Metro Weekly

Study: Large number of straight people have had same-sex experiences

The study found almost one in eight men and a quarter of women have had same-sex sexual encounters, but identify as straight

Photo: See-ming Lee / Flickr

Research has found that a large number of people have had same-sex experiences, but still identify as heterosexual.

The Archives of Sexual Behavior found that almost one in eight men and one in four women have had sexual encounters with partners of their own gender, but do not identify as gay or bisexual.

The results come after research was conducted on over 24,000 undergraduate students. The co-author of the study, Arielle Kuperberg, Ph.D., director of Undergraduate Studies in Sociology at The University of North Carolina, made it clear to Metro UK that having sexual experiences does not alter your sexuality.

“Not everybody who has same-sex relationships is secretly gay,” she said, adding, “There was a big disconnect between what people said their sexual orientation was and what their actions were.”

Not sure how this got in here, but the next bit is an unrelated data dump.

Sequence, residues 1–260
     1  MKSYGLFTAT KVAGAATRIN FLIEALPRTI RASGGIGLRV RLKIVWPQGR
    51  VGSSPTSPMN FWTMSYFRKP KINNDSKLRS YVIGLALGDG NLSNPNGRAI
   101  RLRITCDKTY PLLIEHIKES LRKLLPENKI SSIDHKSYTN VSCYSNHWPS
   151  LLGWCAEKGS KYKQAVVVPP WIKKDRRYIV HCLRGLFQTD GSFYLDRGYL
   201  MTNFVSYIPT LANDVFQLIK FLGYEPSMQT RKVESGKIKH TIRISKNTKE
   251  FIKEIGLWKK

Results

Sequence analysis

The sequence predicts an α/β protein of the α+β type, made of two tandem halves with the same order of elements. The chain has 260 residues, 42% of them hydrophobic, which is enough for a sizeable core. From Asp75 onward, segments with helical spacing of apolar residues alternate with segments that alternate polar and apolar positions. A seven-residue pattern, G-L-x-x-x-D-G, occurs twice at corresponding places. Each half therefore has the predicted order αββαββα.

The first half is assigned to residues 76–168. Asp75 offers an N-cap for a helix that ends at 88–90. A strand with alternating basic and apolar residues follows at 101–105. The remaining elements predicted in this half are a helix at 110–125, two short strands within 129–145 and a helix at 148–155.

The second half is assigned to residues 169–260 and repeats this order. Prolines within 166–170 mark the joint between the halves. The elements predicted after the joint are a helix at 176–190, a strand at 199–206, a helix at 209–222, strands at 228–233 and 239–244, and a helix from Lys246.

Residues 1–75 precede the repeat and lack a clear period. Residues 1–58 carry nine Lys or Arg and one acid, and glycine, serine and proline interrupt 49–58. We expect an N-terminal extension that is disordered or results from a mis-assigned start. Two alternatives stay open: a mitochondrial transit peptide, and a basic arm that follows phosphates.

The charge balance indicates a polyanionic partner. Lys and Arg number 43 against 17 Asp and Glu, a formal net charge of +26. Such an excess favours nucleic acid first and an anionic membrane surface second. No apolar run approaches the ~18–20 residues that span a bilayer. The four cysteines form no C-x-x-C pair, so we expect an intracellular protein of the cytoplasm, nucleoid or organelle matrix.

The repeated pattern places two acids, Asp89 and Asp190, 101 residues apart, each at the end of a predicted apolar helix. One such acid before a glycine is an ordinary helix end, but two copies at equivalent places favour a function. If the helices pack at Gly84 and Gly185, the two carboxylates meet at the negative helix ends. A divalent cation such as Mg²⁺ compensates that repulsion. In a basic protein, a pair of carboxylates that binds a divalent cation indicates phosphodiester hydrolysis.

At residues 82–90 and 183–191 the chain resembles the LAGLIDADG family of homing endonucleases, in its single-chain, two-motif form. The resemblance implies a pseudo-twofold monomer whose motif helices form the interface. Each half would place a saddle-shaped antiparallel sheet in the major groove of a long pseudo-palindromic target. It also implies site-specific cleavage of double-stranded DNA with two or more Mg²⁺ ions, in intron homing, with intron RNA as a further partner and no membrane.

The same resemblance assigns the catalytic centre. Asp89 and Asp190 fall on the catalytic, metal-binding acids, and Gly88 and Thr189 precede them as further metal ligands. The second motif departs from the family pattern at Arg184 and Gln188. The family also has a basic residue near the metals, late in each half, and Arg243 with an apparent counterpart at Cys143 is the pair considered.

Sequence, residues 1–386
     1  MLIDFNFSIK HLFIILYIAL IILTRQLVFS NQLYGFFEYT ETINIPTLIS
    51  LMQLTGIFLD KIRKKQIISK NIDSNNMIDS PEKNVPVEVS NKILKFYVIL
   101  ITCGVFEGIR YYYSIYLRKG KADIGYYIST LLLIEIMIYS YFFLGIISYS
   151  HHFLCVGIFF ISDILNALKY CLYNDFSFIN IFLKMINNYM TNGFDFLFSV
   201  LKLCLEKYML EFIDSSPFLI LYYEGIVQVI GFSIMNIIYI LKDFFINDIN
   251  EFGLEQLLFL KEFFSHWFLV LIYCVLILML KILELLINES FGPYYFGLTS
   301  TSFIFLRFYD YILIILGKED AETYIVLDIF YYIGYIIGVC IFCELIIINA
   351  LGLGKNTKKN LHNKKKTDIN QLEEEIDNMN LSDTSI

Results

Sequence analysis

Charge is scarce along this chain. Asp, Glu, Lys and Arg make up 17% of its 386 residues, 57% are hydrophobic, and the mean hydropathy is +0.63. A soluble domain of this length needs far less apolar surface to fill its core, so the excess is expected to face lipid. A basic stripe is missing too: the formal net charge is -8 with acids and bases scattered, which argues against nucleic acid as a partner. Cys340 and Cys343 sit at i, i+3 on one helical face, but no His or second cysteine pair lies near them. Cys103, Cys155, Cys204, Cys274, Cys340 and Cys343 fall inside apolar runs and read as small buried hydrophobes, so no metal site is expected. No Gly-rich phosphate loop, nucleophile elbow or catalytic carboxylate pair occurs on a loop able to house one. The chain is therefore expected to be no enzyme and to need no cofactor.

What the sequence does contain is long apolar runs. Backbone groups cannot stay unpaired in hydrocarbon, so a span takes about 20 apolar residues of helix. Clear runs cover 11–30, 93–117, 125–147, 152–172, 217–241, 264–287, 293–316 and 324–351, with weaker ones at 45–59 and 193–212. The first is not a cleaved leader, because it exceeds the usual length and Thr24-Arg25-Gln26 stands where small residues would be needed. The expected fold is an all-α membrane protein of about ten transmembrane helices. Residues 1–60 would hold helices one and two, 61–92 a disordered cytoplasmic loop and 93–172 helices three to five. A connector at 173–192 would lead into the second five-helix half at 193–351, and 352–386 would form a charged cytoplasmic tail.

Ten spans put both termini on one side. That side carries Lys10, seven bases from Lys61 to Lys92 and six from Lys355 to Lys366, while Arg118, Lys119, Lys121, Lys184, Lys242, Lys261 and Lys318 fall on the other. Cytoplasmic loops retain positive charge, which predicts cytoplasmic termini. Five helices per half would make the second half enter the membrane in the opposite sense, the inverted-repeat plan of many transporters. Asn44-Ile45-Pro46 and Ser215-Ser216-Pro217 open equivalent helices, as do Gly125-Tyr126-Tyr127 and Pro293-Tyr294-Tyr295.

The study found that there are two central reasons for a straight-identifying person taking a same-sex partner to bed: experimentation and performance.

Experimentation is when a person wants to try out the experience, despite it not aligning with their sexual identity. They do not believe it changes their orientation regardless of whether they enjoyed the escapade.

Another factor is performative bisexuality, where someone engages in sexual contact with the same-sex because it elicits arousal in other people. More often found in women, this behavior is less about the act and more about the attention it can summon, which makes people less inclined to believe they are LGBTQ.

This is one of many studies that have shown that sexuality is more fluid than just identifying as straight and gay.

A study published in the Journal of Personality and Social Psychology in 2016 found that straight women were “sexually aroused to both male and female stimuli.”

Another study conducted by YouGov found that less than half of 18 to 24 year olds identified themselves as something other than exclusively heterosexual when asked to place themselves on the Kinsey Scale.

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